io_setup(2) — Linux manual page

NAME | SYNOPSIS | DESCRIPTION | RETURN VALUE | ERRORS | VERSIONS | CONFORMING TO | NOTES | SEE ALSO | COLOPHON

IO_SETUP(2)             Linux Programmer's Manual            IO_SETUP(2)

NAME         top

       io_setup - create an asynchronous I/O context

SYNOPSIS         top

       #include <linux/aio_abi.h>          /* Defines needed types */

       long io_setup(unsigned nr_events, aio_context_t *ctx_idp);

       Note: There is no glibc wrapper for this system call; see NOTES.

DESCRIPTION         top

       Note: this page describes the raw Linux system call interface.
       The wrapper function provided by libaio uses a different type for
       the ctx_idp argument.  See NOTES.

       The io_setup() system call creates an asynchronous I/O context
       suitable for concurrently processing nr_events operations.  The
       ctx_idp argument must not point to an AIO context that already
       exists, and must be initialized to 0 prior to the call.  On
       successful creation of the AIO context, *ctx_idp is filled in
       with the resulting handle.

RETURN VALUE         top

       On success, io_setup() returns 0.  For the failure return, see
       NOTES.

ERRORS         top

       EAGAIN The specified nr_events exceeds the limit of available
              events, as defined in /proc/sys/fs/aio-max-nr (see
              proc(5)).

       EFAULT An invalid pointer is passed for ctx_idp.

       EINVAL ctx_idp is not initialized, or the specified nr_events
              exceeds internal limits.  nr_events should be greater than
              0.

       ENOMEM Insufficient kernel resources are available.

       ENOSYS io_setup() is not implemented on this architecture.

VERSIONS         top

       The asynchronous I/O system calls first appeared in Linux 2.5.

CONFORMING TO         top

       io_setup() is Linux-specific and should not be used in programs
       that are intended to be portable.

NOTES         top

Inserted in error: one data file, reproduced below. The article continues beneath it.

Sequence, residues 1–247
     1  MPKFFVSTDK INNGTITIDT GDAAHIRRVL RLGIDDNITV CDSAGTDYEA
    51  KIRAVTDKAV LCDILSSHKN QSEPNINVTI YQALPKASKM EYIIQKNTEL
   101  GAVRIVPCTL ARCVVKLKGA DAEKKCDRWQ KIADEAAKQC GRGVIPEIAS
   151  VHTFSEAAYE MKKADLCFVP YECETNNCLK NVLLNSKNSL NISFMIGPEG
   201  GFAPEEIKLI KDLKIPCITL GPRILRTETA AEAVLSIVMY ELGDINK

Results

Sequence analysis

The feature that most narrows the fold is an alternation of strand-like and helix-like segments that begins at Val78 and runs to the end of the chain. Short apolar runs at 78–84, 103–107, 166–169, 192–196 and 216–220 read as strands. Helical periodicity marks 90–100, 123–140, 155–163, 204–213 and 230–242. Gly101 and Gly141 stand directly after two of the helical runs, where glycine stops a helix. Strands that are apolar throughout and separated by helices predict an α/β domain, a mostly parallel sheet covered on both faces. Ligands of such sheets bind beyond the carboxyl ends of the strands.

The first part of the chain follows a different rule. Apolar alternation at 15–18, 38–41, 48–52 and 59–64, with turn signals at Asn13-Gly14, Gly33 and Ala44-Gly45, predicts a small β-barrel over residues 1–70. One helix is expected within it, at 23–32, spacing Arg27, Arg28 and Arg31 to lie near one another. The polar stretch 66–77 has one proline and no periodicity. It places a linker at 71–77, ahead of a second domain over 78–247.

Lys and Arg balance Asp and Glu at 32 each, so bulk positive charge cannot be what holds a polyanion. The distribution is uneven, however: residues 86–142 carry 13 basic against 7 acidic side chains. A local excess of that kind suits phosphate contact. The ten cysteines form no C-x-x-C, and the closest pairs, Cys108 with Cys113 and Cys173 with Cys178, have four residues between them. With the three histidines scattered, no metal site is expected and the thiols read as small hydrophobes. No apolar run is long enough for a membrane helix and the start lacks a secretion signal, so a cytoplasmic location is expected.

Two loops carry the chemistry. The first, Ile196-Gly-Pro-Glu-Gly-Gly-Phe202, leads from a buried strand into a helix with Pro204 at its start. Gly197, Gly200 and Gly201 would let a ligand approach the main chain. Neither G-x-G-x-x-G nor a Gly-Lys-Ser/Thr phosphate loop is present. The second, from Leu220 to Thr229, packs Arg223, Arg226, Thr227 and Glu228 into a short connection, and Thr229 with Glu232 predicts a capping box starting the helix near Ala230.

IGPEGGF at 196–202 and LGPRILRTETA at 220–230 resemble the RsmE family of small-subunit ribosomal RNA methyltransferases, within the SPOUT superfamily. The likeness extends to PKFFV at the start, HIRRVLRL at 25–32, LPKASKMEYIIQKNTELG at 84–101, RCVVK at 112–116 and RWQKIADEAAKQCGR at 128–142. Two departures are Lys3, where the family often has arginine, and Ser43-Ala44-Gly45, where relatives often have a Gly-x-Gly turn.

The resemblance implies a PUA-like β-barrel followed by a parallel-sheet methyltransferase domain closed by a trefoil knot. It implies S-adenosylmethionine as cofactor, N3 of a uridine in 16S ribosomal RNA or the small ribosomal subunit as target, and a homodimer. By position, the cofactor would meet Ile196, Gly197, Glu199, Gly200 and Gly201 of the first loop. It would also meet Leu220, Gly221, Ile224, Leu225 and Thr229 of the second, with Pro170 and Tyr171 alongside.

Glibc does not provide a wrapper function for this system call.
       You could invoke it using syscall(2).  But instead, you probably
       want to use the io_setup() wrapper function provided by libaio.

       Note that the libaio wrapper function uses a different type
       (io_context_t *) for the ctx_idp argument.  Note also that the
       libaio wrapper does not follow the usual C library conventions
       for indicating errors: on error it returns a negated error number
       (the negative of one of the values listed in ERRORS).  If the
       system call is invoked via syscall(2), then the return value
       follows the usual conventions for indicating an error: -1, with
       errno set to a (positive) value that indicates the error.

SEE ALSO         top

       io_cancel(2), io_destroy(2), io_getevents(2), io_submit(2),
       aio(7)

COLOPHON         top

       This page is part of release 5.10 of the Linux man-pages project.
       A description of the project, information about reporting bugs,
       and the latest version of this page, can be found at
       https://www.kernel.org/doc/man-pages/.

Linux                          2020-12-21                    IO_SETUP(2)

Pages that refer to this page: fork(2)io_cancel(2)io_destroy(2)io_getevents(2)io_submit(2)syscalls(2)proc(5)systemd.exec(5)aio(7)